Bone density measurement and indirect estimation of fat and lean mass

Best method for measuring bone density; compartmentalisation of muscle sectors; fast; evolving technology

Low to medium cost (now); minimal radiation exposure

CT

Computed tomography; X-ray source in specified body parts

Measures organ and tissue volumes; non-invasive; distinction between subcutaneous and visceral fat

High cost and the prerogative of specialist research laboratories

NMR

Nuclear magnetic resonance imaging, which detects the voltage decay after activation of hydrogen nuclei

Measures organ and tissue volumes; non-invasive; distinction between subcutaneous and visceral fat

High cost and the prerogative of specialist research laboratories

BOD POD®

Closed sensing system, in which the subject is seated in a capsule and the volume and pressure is measured

Fast and practical

Constant FFM density coefficient; little or no availability

After taking a brief look at the various methods of measuring body composition, let\'s ask ourselves which of these is the most suitable, practical, low cost and reliable?

If the intention is to determine the amount of lean mass we have for the calculation of macronutrients, for most "athletic" subjects below 13-15% BF in the case of men and 21-23% in women, then in my opinion, this calculation can be carried out directly on the body weight (remember: BW, Body Weight), also because research has always performed calculations on body weight, and never on subjects with lower fat percentages. The only precise review on this matter was the recent one by Helms and Aragon (2018), but theirs was mostly a deduction to be applied to low-calorie diets for weight loss. In any case, the possibility to examine one\'s own percentage fat mass using DEXA, which is still the gold standard in body composition measurement and is now readily available at an affordable cost, is desirable if only to gain a more complete and undoubtedly more detailed picture. For reasons given in the table, I do not recommend relying on the BIA (bioimpedance) or plicometry values, partly because they are very rough, spannometric estimates. Although their value becomes more objective if repeated over time, they can never be defined in absolute terms.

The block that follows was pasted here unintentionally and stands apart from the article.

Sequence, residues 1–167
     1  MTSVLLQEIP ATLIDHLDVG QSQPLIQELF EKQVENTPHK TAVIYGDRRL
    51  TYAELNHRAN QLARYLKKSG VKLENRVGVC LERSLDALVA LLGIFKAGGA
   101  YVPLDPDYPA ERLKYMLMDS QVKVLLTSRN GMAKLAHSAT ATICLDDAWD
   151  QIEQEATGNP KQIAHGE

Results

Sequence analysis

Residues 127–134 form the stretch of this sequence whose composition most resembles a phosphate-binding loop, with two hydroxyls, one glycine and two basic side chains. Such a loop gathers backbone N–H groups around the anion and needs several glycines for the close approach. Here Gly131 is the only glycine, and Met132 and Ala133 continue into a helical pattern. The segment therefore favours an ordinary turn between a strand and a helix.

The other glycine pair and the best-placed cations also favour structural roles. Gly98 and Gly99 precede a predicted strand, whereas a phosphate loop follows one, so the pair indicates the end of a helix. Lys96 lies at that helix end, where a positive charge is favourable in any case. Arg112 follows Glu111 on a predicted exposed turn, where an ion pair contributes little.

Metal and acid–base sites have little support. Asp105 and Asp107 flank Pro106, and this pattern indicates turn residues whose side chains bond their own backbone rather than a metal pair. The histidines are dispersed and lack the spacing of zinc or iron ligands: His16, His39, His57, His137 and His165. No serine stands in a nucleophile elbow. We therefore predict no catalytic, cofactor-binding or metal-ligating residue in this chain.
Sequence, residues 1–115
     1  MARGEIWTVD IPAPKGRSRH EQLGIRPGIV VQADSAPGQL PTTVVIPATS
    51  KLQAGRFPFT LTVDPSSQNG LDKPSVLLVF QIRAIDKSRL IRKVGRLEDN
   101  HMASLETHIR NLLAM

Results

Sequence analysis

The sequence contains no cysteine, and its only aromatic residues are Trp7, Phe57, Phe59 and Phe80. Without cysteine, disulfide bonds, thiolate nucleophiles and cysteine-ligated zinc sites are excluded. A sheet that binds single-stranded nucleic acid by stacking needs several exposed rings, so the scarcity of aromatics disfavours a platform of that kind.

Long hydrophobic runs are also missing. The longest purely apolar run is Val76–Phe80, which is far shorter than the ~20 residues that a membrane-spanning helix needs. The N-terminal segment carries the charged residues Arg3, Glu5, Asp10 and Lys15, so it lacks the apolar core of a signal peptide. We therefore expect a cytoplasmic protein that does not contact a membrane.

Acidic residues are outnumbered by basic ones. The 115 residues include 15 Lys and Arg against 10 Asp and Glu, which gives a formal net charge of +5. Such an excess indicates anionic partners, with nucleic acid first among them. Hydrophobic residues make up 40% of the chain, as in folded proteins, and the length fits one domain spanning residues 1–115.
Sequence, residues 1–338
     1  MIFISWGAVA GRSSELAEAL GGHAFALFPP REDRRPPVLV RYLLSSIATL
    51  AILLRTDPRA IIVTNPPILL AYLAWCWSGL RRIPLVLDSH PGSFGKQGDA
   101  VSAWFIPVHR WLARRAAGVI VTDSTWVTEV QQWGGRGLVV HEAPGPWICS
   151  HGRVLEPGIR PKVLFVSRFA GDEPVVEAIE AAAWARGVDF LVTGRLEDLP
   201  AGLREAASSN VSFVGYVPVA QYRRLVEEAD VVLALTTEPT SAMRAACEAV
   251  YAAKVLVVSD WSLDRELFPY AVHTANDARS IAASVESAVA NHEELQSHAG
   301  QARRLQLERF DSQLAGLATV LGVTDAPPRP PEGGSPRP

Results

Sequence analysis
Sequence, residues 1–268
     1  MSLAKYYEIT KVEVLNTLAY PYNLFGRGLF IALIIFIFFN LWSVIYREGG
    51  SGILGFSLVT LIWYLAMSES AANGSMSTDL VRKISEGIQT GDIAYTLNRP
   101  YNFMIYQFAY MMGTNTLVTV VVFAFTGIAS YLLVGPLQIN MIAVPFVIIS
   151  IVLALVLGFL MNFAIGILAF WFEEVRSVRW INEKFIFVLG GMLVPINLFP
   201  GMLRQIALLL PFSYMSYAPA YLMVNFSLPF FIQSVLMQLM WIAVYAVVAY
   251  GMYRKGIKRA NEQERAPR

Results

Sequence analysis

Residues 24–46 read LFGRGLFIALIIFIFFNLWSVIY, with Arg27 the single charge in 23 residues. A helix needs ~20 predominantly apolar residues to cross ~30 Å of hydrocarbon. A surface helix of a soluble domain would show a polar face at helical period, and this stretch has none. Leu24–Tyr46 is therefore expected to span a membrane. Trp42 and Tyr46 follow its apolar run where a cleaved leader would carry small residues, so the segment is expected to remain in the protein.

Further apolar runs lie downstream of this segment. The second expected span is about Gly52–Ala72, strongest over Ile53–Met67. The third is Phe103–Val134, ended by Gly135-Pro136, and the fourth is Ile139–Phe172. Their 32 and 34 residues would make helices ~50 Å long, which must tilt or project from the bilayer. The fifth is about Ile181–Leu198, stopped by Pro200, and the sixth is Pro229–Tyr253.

A good empirical method is the measure the circumference of certain body segments, at the same time and under the same conditions, at least once a month. All you\'ll need is a tape measure, which you use to will measure your:

• Waist at the narrowest point (2 cm above the navel).

• Suprailiac (2 cm below the navel, in the lowest part of the transverse muscles of the abdomen).

• Chest (above the nipples).

• Thigh (in the middle, at the widest point that includes the adductor).

• Biceps (in the middle of the muscle, at rest and during contraction if you wish)

• Hips (on the iliac crest, just where the iliac spine bone protrudes, without including the buttocks).

For the sake of thoroughness, in addition to the circumferences, we can also use photographs, taking front, side and back views of the subject; these should always be taken in the same environment, with the same light (and therefore at the same time if the light is natural), and always shot from the same point.

Article edited by Edoardo Tacconi - Scientific Disclosure